Ten Thousand Bytes of Cinematic Critique
Have you ever seen a Harry Potter movie? You know how the photographs in that universe are like little 10 second animated gifs or video clips? That is how my memories are, and I would wager that yours are the same way, too. When I look back at my childhood, I get snapshots of a life I experienced - MY life - but they are incomplete, snippets of time I can never go back to. Yet, the emotions from those times are still real. How is it that something that happened to me when I was 15, or 10, or even 5 can still move me so much today, can still be so raw, so powerful? Happiness, misery, it's still real. Even as the angles on the faces soften, and the details blur, the emotion is still sharp. That's what The Tree of Life is for me. It's a series of someone else's memories as they look back at their life and deal with the feelings that still remain a part of them. Interwoven with those memories is the birth of the universe, and then the birth of our planet, and then the birth of the living creatures on our planet. Director Terrence Malick contrasts the insignificance of our existence with the significance of our being, if that makes sense, all the while showing both the beauty and pain of life, of everything. Just to tone this down a bit, essentially you have two characters, Mrs. O'Brien (Jessica Chastain) and Jack (Sean Penn). O'Brien goes through what I described above in "real time," by which I mean her present day, whereas Jack is in the present and looking back at those same experiences. There is a plot the characters are involved in, but it is only there to establish the situations that lead to elation and despondency. There is no story arc. That's not the point of the film, and in fact it might even distract from the essence of the movie. The characters reflect, and there is the good, the bad, and the unknown. Why is asked but never answered, and we're left thinking that it never can be. That's the nature of being. I'm also continually amazed that Brad Pitt has such an impressive resume. The guy seems like a dolt, but his taste in movie parts is almost impeccable. I only see it getting better with time, which is interesting considering this web site's discussion of older actors getting flat with age. Anyway, I realize this review may come off as sounding like pseudo-intellectual gibberish. I hope not. If there's only one thing you take away from this, it's that there is no other movie like this that I have ever seen. If you want a real movie experience, and not something where giants robots hump each other in 3D, then see this. You don't have to like it, but you should definitely live it.
Mick LaSalle of the San Fran Chronicle has a nice review which mirrors my thoughts on the film more than the other articles I've read on the topic.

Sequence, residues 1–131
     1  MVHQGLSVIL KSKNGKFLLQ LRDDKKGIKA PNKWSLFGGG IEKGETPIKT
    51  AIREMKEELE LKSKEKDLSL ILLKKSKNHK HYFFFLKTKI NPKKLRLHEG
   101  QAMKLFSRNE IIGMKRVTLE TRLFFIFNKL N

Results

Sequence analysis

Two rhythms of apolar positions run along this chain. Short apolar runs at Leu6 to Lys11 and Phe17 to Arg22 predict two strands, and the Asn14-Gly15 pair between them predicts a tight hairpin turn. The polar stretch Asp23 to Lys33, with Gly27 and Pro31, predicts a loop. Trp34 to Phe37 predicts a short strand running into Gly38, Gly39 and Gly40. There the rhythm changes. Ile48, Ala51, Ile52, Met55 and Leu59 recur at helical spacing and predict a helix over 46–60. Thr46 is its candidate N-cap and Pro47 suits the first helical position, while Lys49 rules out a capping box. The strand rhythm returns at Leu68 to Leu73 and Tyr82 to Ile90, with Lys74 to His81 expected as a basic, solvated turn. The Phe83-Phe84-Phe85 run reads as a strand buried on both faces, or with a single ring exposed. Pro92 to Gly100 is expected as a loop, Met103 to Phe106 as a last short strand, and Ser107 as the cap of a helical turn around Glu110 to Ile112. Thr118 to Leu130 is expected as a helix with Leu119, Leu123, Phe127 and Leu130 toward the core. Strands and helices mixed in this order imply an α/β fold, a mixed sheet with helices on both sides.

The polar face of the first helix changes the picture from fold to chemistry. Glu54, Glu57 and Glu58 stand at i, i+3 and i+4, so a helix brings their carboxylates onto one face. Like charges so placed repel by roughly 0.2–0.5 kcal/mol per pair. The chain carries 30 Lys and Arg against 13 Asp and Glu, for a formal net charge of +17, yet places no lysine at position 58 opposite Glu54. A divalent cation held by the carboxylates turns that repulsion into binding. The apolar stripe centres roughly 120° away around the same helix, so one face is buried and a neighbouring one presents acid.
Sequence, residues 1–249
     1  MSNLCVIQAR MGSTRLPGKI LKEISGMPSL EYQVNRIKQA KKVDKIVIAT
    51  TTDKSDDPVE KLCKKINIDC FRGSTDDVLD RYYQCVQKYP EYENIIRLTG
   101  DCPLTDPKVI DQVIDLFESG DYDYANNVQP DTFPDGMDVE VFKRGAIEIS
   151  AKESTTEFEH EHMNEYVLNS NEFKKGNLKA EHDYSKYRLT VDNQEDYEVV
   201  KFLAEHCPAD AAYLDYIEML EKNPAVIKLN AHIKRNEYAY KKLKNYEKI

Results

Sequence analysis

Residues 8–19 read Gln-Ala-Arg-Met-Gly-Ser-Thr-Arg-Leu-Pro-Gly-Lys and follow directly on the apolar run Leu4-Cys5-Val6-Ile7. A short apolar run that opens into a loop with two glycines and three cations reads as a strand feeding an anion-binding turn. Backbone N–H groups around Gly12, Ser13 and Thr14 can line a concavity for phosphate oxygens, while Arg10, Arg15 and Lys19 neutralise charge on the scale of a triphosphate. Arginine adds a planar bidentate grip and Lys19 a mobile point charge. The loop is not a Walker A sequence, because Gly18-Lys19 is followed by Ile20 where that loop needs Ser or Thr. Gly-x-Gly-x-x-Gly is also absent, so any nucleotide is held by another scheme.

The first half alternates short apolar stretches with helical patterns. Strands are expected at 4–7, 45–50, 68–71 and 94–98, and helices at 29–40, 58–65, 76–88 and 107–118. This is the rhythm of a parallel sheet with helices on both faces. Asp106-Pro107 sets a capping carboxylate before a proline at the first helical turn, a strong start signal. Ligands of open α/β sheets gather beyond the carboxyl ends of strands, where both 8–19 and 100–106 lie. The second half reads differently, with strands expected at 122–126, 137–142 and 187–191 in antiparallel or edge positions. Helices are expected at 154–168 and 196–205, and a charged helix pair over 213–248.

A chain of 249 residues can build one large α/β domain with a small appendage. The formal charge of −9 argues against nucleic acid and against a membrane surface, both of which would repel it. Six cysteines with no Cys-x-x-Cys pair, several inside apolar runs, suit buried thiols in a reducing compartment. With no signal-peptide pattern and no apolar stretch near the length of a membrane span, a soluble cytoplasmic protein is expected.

In my head, the words “movie” and “film” have always had a slightly different connotation. “Film” refers to the idea of the moving picture as an art form, while “movie” references the streamlined, two-hour, three-act, commercially viable, popular manifestation of that same idea. When movie cameras came to the fore, it was conceivable film as art could evolve in any number of directions. For better or worse, the plot-driven “movie” won the day. By a lot. From a mainstream perspective, the movie was the most popular medium of the last hundred years. Movies have become so honed, in fact, that it is now entirely possible to experience something that is a “good movie” and not necessarily “good art” (and vice versa). Two examples:1. Dumb and Dumber is an effective, funny comedy. As a movie, it’s great. It nails everything it goes for and delivers the optimum silly comedy experience. Beyond the yucks, though, there’s not much of artistic value. I am a huge fan of this movie, but even I would hesitate before calling it “art.” On the other hand:2. The Tree of Life is a technically brilliant cinematic showpiece that almost completely eschews traditional filmic narrative techniques. Watching it is more like looking at a painting than observing a story. The objectives of Tree of Life are entirely different from almost any other movie I’ve seen. Reviewing it against the accepted conventions of celluloid storytelling is folly. Tree of Life lacks cohesive structure and end-tying conflict resolution. As art, however, it doesn’t need these things.The question, then, is this: Which path interests you? Do you watch movies because you appreciate art? OR Do you watch movies because you love movies? Neither perspective is inherently “right,” but your stance relative to that indistinct line likely dictates your reaction to Tree of Life.Personally, I love movies and carry a passing (perhaps slightly above average) interest in art. As such, I appreciated Tree of Life a bite more than I actually enjoyed it. The photography is phenomenal and (ironically) the story parts that there are are incredibly poignant. Simply because the movie is so different from everything else, I’m comfortable giving it a blanket recommendation. My experience was not transcendent (like Chris’ (who, by the way, wrote an excellent review)), but this is likely because I am who I am. For clarification, read the next paragraph:Jessica Chastain is absolutely resplendent in this film. More than just her physical appeal, the emotional context she’s presented in easily puts her character in the all-time pantheon as far as beautiful women on screen are concerned. Beautiful. That’s the only way to describe what she is here. “Hot,” “fine,” “smoking,” and the other lax descriptors one might employ simply do not fit. I recognized this. I appreciated this. However, despite knowing that it would ruin the effect and run counter to the film’s very essence, I could not help hoping she’d take her shirt off.
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